realvolve_header-246569-edited.png

Achieve Long Term Success by Avoiding Instant Gratification

Posted by Dave Crumby on Dec 15, 2016 10:23:00 AM
Find me on:

Shanghai_1990_vs_2010.png

This is a picture of Shanghai: 1990 vs. 2010. The transformation is amazing and seemingly impossible.

We all have that one seemingly-impossible goal: To make more money while working less hours. To have more flexibility so we can spend more time with our family. To start a charitable foundation and make a difference in the world.

It’s all possible.

But when you stand at the beginning and look all the way to the end, you can’t picture yourself ever getting there. And with that thought, you start to feel hopeless…and frustrated…and pessimistic.

The first step toward accomplishing your dream is to realize that it IS possible. That vision you have in your head, of that future you? That can really happen.

The biggest obstacle that stands in your way is the lure of instant gratification.

 

Beware of instant gratification

In the age of Netflix, Spotify, and Amazon, we've grown accustomed to receiving instant gratification. Movies, television shows, music, and every product under the sun can be ours in just a few clicks.

But when it comes to accomplishing your One Big Goal, the pursuit of instant gratification is your worst enemy.

Great accomplishments—like building a sustainable real estate business—take time. When you’re in the mindset of wanting things to happen immediately, it will make you feel overwhelmed and hopeless about your abilities to make it happen. Don’t do that to yourself.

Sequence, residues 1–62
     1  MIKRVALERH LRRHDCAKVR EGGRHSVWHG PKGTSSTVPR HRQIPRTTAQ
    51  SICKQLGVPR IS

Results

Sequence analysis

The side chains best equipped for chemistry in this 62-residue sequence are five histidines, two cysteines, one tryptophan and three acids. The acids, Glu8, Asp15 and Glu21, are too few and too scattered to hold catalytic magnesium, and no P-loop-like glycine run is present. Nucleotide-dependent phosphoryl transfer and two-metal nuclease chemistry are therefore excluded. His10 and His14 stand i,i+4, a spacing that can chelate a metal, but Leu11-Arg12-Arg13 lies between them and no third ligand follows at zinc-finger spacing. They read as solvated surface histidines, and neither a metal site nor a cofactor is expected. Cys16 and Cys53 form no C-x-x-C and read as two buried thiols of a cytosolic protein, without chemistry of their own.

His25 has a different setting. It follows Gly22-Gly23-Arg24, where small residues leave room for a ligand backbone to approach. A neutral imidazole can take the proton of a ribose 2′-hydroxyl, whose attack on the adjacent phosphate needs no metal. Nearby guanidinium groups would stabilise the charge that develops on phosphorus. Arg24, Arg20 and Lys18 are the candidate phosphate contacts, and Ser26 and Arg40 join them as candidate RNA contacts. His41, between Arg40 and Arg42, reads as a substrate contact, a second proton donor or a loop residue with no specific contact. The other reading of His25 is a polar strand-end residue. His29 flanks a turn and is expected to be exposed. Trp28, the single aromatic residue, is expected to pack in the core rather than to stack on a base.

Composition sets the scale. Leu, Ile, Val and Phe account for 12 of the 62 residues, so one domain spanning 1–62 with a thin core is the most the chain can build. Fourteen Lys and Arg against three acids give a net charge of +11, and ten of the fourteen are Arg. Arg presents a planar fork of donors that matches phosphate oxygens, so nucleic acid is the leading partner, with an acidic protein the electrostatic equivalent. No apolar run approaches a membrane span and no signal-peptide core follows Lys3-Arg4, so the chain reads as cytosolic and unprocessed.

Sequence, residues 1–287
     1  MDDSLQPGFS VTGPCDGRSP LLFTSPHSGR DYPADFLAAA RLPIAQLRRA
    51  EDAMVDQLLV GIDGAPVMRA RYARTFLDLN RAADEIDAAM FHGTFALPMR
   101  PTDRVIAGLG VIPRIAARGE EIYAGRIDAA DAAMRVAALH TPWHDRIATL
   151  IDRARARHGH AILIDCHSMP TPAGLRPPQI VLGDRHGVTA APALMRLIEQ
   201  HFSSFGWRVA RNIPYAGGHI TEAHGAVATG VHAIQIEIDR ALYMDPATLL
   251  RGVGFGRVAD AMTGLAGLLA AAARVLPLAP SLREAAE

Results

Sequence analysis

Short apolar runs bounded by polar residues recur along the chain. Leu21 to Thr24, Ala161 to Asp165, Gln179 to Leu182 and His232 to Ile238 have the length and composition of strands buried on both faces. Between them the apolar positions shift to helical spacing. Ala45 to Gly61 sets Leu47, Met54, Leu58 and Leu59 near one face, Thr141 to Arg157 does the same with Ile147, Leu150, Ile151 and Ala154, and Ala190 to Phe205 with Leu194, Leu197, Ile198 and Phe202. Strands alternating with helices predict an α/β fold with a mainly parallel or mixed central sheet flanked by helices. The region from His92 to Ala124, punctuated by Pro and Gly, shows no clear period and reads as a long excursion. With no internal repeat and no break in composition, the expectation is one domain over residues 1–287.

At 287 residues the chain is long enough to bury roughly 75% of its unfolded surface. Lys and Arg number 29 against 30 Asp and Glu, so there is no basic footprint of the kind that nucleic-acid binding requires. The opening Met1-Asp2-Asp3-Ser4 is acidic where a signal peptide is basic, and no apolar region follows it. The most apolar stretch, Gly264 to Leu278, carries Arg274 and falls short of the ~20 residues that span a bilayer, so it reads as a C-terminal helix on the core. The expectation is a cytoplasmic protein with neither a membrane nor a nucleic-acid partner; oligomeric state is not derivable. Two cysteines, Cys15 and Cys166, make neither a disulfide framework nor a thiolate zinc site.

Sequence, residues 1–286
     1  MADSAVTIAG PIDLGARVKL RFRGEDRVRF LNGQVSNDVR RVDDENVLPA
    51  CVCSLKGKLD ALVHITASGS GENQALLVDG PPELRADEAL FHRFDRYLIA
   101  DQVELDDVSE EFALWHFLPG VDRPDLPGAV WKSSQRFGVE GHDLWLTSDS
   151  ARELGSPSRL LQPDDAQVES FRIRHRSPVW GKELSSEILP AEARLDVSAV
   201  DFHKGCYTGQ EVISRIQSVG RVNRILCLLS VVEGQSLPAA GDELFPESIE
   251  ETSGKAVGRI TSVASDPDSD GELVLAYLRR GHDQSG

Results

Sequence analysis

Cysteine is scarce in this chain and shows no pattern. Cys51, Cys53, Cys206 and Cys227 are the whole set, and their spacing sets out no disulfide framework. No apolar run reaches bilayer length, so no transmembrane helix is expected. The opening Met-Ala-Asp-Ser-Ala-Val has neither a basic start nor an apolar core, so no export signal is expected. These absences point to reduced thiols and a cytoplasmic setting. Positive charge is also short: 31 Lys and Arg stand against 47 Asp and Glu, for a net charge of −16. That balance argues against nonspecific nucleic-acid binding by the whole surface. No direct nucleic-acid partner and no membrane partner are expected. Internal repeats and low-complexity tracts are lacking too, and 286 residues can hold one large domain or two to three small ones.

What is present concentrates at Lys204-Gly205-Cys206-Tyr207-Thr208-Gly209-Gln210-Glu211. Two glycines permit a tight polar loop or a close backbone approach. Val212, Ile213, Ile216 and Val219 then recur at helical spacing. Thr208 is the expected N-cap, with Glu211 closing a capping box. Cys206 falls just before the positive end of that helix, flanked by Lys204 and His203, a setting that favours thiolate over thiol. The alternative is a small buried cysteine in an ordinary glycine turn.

Beware of habits that feel good now but hurt you in the long term. These are habits you might turn to in moments of stress, when you’re feeling overwhelmed and need some quick distraction from the pain. For example, if your goal is to lose 100 pounds, don’t let yourself alleviate stress by binging on junk food. As a real estate agent, if your goal is to add 1000 new prospects to your People Portfolio this year, don’t skip your hour of scheduled prospecting because you’re “just not feeling up to it” one day. That hour of not doing work might feel good at the time, but it will only hurt you in the long run (especially if you continue to break routine).

Here’s some advice on how to avoid the lure of instant gratification:

  • Set incremental goals. Your big goal can seem overwhelming, but breaking it up into smaller bite-size goals can be easier to stomach. Set weekly, monthly, quarterly, and annual goals.
  • Celebrate every accomplishment...even the small ones, like meeting your weekly goal of 50 email follow-ups. Acknowledging the small successes that will eventually add up to reaching your One Big Goal will keep you motivated along the journey.
  • Develop a routine that consists of sustainable habits. Then stick with it, even on weekends.

Achieve Long Term Success

Too often in our lives, we overestimate what we can accomplish in a year...and underestimate what we can accomplish in 5 years, or 10 years, or 20 years. It's that overestimation—that feeling of being in a race to the short-term—that causes people to quit and ultimately stay in the same place in life week after week, year after year, decade after decade.

Don’t be seduced by short-term satisfaction. Think long term, and focus on your One Big Goal. Go slow, my friend. We'll walk with you.

Learn More